A simple conversation with colleagues about teaching could lead to confusion and frustration, but pride may keep you from asking what certain terms mean. First of all, don’t be afraid to ask. But, if you are, this list of terms and acronyms used to discuss teaching, classes, and curriculum could be very useful.
AP (Advanced Placement) - AP courses are high school classes managed by the College Board offering college-level curriculum, culminating in a test that can result in obtaining college credits.
Backward Design - In backward design, teachers start with the desired outcome (concept, objective: what do you want them to learn) and use that as the foundation and starting point for planning everything. Then they determine how students could best represent what they have learned (assessment, project: what do you want them to be able to do). Only then do teachers begin to plan how they will teach or present the content (lesson plans, materials: what experiences and instructional techniques will best prepare students to reach the desired outcomes).
Benchmark - Benchmarks are standardized tests that are used to monitor students’ progress on specific standards in anticipation of a summative assessment. Ideally, this data is used to help target instruction and fill in the gaps as appropriate.
Cooperative Learning - While there is a much broader definition that aligns with a philosophical educational approach, generally cooperative learning is used to refer to a more structured and guided use of group work. Students work together in small groups to accomplish shared goals, each with specific tasks or responsibilities
CTE & CATE (Career Technical Education & Career and Technical Education) - These terms are used interchangeably to refer to courses that teach a vocational career, many of which also allow for a certification to be earned through the program. Additional funding can be achieved through these programs, but they also have very specific guidelines they must follow. These classes include everything from cosmetology to welding to engineering to accounting to culinary arts.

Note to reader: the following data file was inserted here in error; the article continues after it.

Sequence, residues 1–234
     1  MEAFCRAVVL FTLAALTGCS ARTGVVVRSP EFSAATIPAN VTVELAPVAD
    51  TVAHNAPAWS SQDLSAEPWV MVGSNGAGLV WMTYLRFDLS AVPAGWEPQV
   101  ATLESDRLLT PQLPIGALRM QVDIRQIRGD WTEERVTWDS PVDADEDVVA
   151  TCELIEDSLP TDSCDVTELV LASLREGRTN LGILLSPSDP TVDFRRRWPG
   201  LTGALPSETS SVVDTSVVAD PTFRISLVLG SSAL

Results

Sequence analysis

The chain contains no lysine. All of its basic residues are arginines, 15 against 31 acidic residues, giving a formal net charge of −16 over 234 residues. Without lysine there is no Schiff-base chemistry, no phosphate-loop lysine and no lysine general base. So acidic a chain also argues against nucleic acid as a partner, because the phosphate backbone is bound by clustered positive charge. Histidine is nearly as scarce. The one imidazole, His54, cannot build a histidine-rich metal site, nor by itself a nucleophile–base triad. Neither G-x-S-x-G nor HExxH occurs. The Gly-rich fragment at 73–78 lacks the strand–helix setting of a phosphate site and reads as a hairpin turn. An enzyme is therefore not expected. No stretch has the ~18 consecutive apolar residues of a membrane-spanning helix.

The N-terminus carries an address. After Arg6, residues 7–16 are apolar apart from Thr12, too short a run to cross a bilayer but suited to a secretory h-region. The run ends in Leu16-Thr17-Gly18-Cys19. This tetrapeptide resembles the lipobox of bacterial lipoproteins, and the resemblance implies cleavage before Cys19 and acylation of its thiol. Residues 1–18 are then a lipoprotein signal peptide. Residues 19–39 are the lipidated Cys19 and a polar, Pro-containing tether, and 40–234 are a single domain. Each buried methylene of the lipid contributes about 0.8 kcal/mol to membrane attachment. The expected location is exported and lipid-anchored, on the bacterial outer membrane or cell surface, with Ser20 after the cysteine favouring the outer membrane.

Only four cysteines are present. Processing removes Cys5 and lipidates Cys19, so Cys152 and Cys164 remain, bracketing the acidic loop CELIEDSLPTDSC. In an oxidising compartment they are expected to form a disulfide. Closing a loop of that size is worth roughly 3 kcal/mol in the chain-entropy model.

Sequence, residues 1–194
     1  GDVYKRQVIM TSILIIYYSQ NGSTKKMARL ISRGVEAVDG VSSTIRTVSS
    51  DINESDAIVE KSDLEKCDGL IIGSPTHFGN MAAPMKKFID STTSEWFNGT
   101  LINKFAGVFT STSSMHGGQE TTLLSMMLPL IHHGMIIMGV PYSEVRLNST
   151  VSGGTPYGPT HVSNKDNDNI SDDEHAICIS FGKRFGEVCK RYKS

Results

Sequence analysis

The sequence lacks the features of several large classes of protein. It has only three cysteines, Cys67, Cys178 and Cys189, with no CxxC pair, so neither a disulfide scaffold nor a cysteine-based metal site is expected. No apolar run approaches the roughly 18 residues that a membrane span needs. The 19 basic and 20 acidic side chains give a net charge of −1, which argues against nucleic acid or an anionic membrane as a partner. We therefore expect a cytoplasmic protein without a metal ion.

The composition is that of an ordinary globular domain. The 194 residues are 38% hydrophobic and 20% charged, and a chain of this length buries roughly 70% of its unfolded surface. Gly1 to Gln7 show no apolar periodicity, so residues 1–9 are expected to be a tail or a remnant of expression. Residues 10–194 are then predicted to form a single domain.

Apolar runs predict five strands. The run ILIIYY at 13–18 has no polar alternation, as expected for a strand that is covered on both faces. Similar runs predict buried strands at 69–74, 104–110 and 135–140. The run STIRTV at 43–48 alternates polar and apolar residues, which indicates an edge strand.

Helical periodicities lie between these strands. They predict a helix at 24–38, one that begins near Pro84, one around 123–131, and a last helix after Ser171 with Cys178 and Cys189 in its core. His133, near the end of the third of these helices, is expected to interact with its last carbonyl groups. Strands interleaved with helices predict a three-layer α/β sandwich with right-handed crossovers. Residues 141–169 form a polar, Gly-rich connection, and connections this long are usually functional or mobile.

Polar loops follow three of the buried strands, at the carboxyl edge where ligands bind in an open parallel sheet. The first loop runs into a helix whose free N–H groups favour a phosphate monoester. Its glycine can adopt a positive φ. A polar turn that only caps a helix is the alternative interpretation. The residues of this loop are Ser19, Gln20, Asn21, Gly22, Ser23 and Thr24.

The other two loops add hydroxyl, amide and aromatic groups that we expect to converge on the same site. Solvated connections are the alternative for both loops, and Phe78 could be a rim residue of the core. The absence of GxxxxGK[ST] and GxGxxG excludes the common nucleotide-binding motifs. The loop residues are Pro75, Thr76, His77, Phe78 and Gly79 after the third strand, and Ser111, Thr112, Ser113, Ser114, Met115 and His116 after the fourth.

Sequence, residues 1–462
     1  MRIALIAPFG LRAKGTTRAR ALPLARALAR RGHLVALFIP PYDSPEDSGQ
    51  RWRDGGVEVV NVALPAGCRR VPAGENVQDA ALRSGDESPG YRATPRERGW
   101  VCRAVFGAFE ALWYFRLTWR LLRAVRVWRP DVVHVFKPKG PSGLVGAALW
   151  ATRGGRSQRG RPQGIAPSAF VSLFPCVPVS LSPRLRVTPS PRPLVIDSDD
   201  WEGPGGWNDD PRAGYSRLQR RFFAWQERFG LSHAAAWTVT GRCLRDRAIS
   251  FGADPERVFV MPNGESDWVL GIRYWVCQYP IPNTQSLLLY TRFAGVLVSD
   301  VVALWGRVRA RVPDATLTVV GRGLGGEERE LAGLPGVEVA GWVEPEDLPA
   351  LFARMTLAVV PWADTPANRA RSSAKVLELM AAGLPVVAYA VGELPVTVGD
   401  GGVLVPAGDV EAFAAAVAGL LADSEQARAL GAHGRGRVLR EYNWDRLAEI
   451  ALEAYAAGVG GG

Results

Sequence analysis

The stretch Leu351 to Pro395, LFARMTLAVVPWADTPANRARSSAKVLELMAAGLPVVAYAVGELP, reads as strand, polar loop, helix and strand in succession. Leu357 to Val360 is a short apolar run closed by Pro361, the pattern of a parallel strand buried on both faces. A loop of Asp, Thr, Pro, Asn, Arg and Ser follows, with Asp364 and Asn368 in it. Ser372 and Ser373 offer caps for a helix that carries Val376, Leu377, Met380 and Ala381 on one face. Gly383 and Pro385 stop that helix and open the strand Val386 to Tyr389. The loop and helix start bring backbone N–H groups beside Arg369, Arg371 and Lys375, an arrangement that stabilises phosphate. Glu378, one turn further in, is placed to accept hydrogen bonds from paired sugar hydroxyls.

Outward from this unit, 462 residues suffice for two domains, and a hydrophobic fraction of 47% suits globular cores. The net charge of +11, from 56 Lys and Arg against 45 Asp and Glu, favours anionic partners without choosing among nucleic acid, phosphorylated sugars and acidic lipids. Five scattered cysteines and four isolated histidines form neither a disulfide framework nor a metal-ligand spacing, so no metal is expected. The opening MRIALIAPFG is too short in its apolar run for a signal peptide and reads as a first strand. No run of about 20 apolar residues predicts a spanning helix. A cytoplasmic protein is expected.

Dual Language - A dual language classroom is one in which content is delivered in two languages with the goal of students becoming fluent in both.
ESL & ELL (English Language Learner & English as a Second Language) - ESL students are taught by teachers with specific training in teaching students for whom English is not their primary language. Students are either enrolled in specialized ESL classes or pulled out for specific support and mini-lessons.
ELLs are students in general education classrooms. Teachers make the curriculum accessible to students through accommodations, but the students are not pulled out for specialized instruction.
Formative & Summative Assessment - Formative assessments measure student learning throughout a unit, term, or course; this data can be used to adjust instruction as needed.
Summative assessments are used to measure how much students learned at the end of a unit, term, or course.
GED (General Education Diploma) - Four subject tests that assess a student’s knowledge to earn a high school equivalency diploma.